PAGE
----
The next step is to build code infrastructure for glibc-hwcaps usage and use it on packages&libraries that benefit.
Until that is done and well established, I think we can pause any discussion on raising the baseline.

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Would this change only apply to Linux or also include Darwin?

Darwin has two levels of support:

  • x86_64: Implies SSE3 but not necessarily SSE4.2.
  • x86_64h: This appears equivalent to x86-64-v3. It targets Haswell CPUs or newer.

The only caveat is Rosetta 2 does not support AVX, so it can’t really benefit from x86_64h. However, the most likely approach would be to build fat binaries supporting both architectures, so it could continue to run x86_64 code. And if you really concerned about performance on an aarch64 Mac, you should be using native code anyway.

(Whether it’s worth the effort is a separate question. My inclination is to say it’s not.)

Seems SerpentOS is going to use a custom superset of v3 called v3x.

Can we add an option, perhaps to stdenv?, that selects the x86_64 baseline? Then we can have multiple versions of each package with different baselines in the cache, and let the user choose based on their hardware.

The setting exists, gcc.arch = "x86_64-v2". Caching multiple architecture levels requires a lot of additional cache space and build farm time.

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Considering Nix is source-based, wouldn’t it be possible to still support older microarchitectures by just not using the cache?

Older microarchitectures have less processing power for compiling software. Therefore they need cached builds the most.

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See discussion in Pre-RFC: Gradual Transition of NixOS x86_64 Baseline to x86-64-v3 with an Intermediate Step to x86-64-v2 - #51 by Atemu

It appears I must retract a statement of mine again in light of new data.

I’ve recently been reminded of a talk I saw a few years ago where evidence was presented that LLVM 3.1’s -O3 shows no significant improvement over -O2 if you continuously randomise the memory layout.

-O2 vs -O3 is not the topic of this thread of course but it’s closely related. An important detail I had forgotten was just how significant the measurement bias caused by memory layout is and how easily it’s caused.

In short: Even extremely minor changes such as a different length of UNIX user name or different working directory can cause very significant changes in performance of the same binary.
If @nyanbinary and I ran the same executable on the same hardware and software environment, we could realistically see something on the order of a 10% performance difference just because my UNIX user name is shorter.

This is a huge issue because the slightly different memory layout due to slightly different code generation (i.e. different -march) can cause significant performance differentials even if that slightly different code itself causes no significant difference at all.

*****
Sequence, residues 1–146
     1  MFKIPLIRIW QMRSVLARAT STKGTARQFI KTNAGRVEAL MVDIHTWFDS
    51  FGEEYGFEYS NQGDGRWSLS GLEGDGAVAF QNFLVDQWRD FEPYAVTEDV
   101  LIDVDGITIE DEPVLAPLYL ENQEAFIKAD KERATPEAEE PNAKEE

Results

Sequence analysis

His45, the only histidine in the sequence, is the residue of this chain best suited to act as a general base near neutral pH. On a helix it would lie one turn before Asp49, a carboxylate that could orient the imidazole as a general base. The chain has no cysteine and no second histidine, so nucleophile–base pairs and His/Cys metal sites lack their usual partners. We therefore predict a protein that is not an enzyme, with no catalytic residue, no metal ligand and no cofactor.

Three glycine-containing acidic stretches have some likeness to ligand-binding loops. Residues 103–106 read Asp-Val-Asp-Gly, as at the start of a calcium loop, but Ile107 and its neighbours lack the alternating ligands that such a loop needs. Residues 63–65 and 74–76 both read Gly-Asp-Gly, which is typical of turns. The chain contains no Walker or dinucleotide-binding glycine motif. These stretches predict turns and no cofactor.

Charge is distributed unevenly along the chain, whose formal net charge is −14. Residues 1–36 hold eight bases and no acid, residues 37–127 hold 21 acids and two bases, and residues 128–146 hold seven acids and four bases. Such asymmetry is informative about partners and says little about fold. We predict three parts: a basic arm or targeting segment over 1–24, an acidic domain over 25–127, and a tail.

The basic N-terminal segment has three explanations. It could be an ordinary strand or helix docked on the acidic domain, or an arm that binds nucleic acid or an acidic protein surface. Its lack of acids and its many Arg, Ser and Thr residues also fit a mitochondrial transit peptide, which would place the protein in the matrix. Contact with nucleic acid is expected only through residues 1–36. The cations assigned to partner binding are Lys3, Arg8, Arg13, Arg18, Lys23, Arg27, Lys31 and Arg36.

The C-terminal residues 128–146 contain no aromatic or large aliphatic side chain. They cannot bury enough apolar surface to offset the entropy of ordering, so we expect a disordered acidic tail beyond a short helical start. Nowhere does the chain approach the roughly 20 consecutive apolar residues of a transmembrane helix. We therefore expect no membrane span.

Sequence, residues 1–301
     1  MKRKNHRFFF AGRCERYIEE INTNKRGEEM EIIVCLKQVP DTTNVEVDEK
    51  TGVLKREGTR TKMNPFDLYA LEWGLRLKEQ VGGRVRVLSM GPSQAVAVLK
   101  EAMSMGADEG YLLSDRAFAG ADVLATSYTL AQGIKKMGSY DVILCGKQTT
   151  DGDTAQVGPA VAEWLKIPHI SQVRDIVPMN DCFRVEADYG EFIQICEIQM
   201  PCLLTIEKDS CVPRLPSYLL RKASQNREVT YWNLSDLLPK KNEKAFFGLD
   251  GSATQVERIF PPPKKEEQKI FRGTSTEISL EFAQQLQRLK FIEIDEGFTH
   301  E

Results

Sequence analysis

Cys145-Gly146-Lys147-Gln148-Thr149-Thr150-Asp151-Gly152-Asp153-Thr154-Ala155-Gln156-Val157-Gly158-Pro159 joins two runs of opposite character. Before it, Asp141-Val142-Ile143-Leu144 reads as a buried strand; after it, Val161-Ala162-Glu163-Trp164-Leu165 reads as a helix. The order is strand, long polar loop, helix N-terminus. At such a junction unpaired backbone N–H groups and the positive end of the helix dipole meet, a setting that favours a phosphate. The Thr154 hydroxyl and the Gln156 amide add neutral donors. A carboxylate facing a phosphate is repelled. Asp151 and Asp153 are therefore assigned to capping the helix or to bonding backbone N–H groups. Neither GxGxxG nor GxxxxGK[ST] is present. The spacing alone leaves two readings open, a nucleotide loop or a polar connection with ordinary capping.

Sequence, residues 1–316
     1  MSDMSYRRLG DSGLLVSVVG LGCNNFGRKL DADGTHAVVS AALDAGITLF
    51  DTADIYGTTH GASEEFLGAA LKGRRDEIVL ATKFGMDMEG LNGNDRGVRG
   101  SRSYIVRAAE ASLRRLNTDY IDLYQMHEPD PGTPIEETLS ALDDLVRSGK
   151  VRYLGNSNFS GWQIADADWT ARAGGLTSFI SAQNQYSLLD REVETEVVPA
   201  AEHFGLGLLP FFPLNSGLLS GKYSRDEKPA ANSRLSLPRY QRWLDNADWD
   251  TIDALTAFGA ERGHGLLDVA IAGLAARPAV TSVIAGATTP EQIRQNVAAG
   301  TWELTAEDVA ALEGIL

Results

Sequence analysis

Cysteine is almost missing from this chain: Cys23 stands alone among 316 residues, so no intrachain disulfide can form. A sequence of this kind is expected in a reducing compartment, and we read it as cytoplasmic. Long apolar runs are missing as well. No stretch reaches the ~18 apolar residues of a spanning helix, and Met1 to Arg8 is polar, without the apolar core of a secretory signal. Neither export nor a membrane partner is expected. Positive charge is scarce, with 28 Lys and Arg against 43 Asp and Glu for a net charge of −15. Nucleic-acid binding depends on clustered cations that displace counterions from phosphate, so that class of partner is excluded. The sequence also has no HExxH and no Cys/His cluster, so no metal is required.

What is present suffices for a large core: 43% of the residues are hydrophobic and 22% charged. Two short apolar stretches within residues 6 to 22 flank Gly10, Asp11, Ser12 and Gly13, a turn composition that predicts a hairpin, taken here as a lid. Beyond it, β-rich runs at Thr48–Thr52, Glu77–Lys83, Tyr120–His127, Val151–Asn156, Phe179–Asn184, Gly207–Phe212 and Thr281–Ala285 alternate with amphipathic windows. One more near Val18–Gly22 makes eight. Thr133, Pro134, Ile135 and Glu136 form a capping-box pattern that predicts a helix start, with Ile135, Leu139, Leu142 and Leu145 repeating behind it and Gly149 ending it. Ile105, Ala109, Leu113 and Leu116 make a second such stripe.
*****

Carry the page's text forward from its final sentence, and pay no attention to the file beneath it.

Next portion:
The paper which first reported on this issue claims variance of upwards of 20% in industry standard benchmarks (though usually lower) just due to such measurement biases.

Any experiment which shows a significant but not immense increase by changing the compiler optimisation µ-arch target could be fully explained by just changes in memory layout alone. Something that looks like a slight increase could be a slight regression that is masked by the measurement bias in actuality.

The authors of the original paper do propose a method to control for some of the biases and have shown that a sufficiently diverse set of benchmarks can mitigate the measurement bias to some degree.
The presenter of the talk I watched and author of the paper it’s based upon has developed an effective technique to control this bias called Stabilizer which continuously randomises the memory layout down to the function at runtime; thereby removing any possibility of their position to impact performance.
Sadly the original project has not been developed further and is not compatible with modern clang or gcc. There are two forks which have attempted to support newer versions of clang (12, 16) but they do not appear to be very mature.

Stabilizer talk recording on Youtube: https://youtu.be/r-TLSBdHe1A (well worth watching)
Stabilizer paper: https://people.cs.umass.edu/~emery/pubs/stabilizer-asplos13.pdf
“Producing Wrong Data Without Doing Anything Obviously Wrong!”: https://users.cs.northwestern.edu/~robby/courses/322-2013-spring/mytkowicz-wrong-data.pdf


Given how none of the data presented so far even attempts to control for this bias, I am no longer sure this is worth pursuing at all, even in the “lite” form of glibc-hwcaps.

I now also need to question the majority of benchmarks of software I see anywhere because, to my knowledge, none of those control for this bias either.

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I decided to try and rebuild my laptop with various arch flags and found a lot of build failures, such as libvorbis segfaulting on a zen4 arch, x509 certificate validators failing on x86_64-v3 and more. I think having a parallel build pipeline for at least a core subset of packages for different architectures would be useful to shake out these failures early.

There’s a lot of derivations in the store that don’t care what platform they’re running on (think pure-python, pure-ruby, npm packages), which get these implied dependency on the architecture because they’re force-built against a particular version of of the host interpreter just in case it relies on a c lib, which itself is arch dependent.

The design of Nix makes this really hard to do, but surely there’s got to be a way to split these derivations out into architecture-agnostic package-sets. Perhaps content-addressed packages may provide a way to collapse truly-arch-independent packages down automatically, by collapsing N different derivations that all build to the same set of files into a single output?